What trips many small business owners up the most about bookkeeping? Debits and credits! There are times that business owners should understand accounting basics. At Bookkeeping Geeks, we commonly get asked,  

What does it mean to debit and credit an account?”  

“Why is it debiting some accounts makes them go up, but debiting other accounts makes them go down?”  

How am I not understanding this essential part of running my business?!”  

It’s important to know the numbers to get a true picture of how your business is performing. Plus, you can double-check the work of your accountant or bookkeeping software. Here we cover some bookkeeping basics and explain the basics of debits and credits.  

What are Debits and Credits?

The simple answer is that debits record all money flowing into an account while credits record all money flowing out of an account. Don’t assume that all debits are bad or think that all credits are good. It’s all about balance. 

Most businesses use a double-entry accounting system with debits and credits being the core of this system. Bookkeepers and accountants use debits and credits to balance each reported entry for a company’s balance sheet and income statement accounts.  

Related > Differences between Bookkeepers and CPA’s 

Types of Debits and Credits 

Here are the different kinds of debits and credits we commonly see for our clients: 

  • Income: A debit decreases income. A credit increases income. 
  • Expenses: A debit increases expenses. Credits decrease expenses. 
  • Assets: A debit increases assets while a credit decreases them. 
  • Liabilities: A debit decreases liabilities. A credit increases liabilities. 
  • Owner Equity: A debit increases equity while a credit decreases equity. 

At Bookkeeping Geeks, we help entrepreneurs to understand their company’s financial health. We are happy to explain debits and credits and how they will impact different areas of their business. Our QuickBooks certified virtual bookkeeper is here to help; contact Dorothy Harvey today!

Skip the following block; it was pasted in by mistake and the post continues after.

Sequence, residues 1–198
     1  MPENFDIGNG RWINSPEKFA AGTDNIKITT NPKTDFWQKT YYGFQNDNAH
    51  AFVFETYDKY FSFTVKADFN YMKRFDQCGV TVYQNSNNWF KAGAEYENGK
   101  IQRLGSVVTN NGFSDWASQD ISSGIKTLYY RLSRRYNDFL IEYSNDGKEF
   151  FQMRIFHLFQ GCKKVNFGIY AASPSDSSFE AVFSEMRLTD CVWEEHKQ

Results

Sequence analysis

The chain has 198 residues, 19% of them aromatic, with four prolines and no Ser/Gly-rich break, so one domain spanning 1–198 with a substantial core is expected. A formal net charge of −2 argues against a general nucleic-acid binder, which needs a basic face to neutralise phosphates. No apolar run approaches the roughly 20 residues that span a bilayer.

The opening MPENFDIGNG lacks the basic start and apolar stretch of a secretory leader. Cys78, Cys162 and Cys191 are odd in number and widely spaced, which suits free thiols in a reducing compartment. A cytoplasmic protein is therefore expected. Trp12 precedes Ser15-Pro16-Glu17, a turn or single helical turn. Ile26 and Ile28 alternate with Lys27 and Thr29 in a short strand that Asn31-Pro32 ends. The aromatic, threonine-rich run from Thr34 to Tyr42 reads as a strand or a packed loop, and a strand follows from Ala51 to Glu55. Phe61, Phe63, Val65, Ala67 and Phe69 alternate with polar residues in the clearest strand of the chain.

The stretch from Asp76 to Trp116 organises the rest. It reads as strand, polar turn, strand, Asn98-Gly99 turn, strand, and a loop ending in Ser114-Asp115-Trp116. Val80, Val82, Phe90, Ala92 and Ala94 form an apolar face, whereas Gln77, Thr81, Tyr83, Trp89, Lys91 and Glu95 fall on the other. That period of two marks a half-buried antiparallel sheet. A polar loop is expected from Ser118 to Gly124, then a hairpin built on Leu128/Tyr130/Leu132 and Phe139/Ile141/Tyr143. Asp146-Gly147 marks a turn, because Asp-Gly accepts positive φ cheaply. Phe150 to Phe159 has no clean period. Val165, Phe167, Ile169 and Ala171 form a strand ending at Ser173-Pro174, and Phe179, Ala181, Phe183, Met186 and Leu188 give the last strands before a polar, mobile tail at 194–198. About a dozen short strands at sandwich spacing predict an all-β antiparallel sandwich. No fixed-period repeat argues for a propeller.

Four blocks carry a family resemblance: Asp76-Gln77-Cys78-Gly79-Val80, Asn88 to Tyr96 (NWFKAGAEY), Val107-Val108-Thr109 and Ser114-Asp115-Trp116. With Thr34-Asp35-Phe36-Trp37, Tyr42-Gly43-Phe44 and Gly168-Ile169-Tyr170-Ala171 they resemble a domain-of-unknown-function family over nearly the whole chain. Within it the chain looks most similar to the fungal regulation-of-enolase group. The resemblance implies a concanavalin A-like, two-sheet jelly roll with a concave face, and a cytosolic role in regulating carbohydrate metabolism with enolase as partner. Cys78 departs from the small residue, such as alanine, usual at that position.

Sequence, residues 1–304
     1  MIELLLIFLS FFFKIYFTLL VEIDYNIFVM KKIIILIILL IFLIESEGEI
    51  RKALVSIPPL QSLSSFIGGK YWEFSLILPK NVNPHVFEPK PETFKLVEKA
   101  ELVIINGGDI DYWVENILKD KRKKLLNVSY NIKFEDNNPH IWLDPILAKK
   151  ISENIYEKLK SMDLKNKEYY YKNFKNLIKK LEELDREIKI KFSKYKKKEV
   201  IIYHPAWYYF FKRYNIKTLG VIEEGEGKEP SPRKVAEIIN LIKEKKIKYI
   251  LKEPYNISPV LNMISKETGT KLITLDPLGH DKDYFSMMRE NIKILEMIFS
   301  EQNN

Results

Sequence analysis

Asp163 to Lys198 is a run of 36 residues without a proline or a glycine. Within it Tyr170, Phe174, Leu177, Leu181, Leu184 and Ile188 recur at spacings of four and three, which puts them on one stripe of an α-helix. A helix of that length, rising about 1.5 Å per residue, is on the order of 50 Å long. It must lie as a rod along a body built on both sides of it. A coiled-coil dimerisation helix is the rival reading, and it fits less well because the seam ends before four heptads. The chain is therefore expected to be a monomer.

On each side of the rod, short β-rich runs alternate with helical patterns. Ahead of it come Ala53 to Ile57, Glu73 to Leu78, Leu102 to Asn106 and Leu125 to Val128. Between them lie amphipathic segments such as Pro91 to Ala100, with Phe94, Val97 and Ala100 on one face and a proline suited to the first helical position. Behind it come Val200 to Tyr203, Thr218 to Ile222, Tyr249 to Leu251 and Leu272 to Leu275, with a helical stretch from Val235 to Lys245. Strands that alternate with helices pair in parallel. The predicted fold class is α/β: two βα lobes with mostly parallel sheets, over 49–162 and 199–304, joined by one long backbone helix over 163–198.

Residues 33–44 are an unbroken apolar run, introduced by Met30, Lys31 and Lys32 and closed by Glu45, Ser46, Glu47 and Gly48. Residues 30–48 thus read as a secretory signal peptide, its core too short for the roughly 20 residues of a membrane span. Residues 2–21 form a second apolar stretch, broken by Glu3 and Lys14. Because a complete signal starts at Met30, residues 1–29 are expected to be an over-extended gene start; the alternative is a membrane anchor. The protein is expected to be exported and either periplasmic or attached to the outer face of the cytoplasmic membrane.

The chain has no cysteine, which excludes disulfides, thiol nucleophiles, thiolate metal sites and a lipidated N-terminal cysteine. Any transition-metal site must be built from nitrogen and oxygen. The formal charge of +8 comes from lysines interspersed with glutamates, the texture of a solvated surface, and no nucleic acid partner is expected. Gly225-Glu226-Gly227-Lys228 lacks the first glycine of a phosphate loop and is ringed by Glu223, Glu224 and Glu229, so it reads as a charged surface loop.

Why are Debits and Credits Important to My Business 

Under the double-entry method, an entire business is organized into individual accounts, i.e. assets such as cash and furniture and liabilities such as a bank loan.  

When your business has a transaction – a product sells, furniture is purchased, a loan is taken out, money is spent on research and development – the amount of money in each specific account changes.  

Recording what happens in each of these accounts as a debit or credit lets you see where the money is going and where it is coming from.  

Example:  

Let’s say you recently spent $5,000 on office furniture. Because you spent cash and money went out, your “cash” account will be credited by $5,000. 

At the same time, you increased the value of your furniture, and therefore you will have a debit of $5,000 in your “furniture” account.   

In double-entry accounting, every debit (inflow) has a corresponding credit (outflow).  

The example above showed what would be an entry of two assets (something that is owned). With liability accounts, things get trickier because these accounts show what is owed.  

Example:  

You just took out a $10,000 loan to expand your business. You increased your cash account (debit) by $10,000 but instead of a corresponding account decreasing, your bank loan account (a liability) also increased – but as a credit.  

Why? This is because your bank loan account doesn’t measure what you have, but how much you owe. The more you owe, the larger the liability and value in the bank loan account. You are crediting the account, but the value of the account is increasing. The liability account keeps track of debt, and in this scenario, the debt is going up.  

Related > Common Bookkeeping Errors Small Business Owners Make 

Need Bookkeeping Help?  

Small business owners wear multiple hats, juggling several duties at once to keep your business up and running. If you’re still confused about debits and credits, Dorothy Harvey of Bookkeeping Geeks can help!  

Contact us for more information on our virtual bookkeeping services such as accounts payable, budgeting, financial reports, and more, call our Tampa office at (813) 515-0216.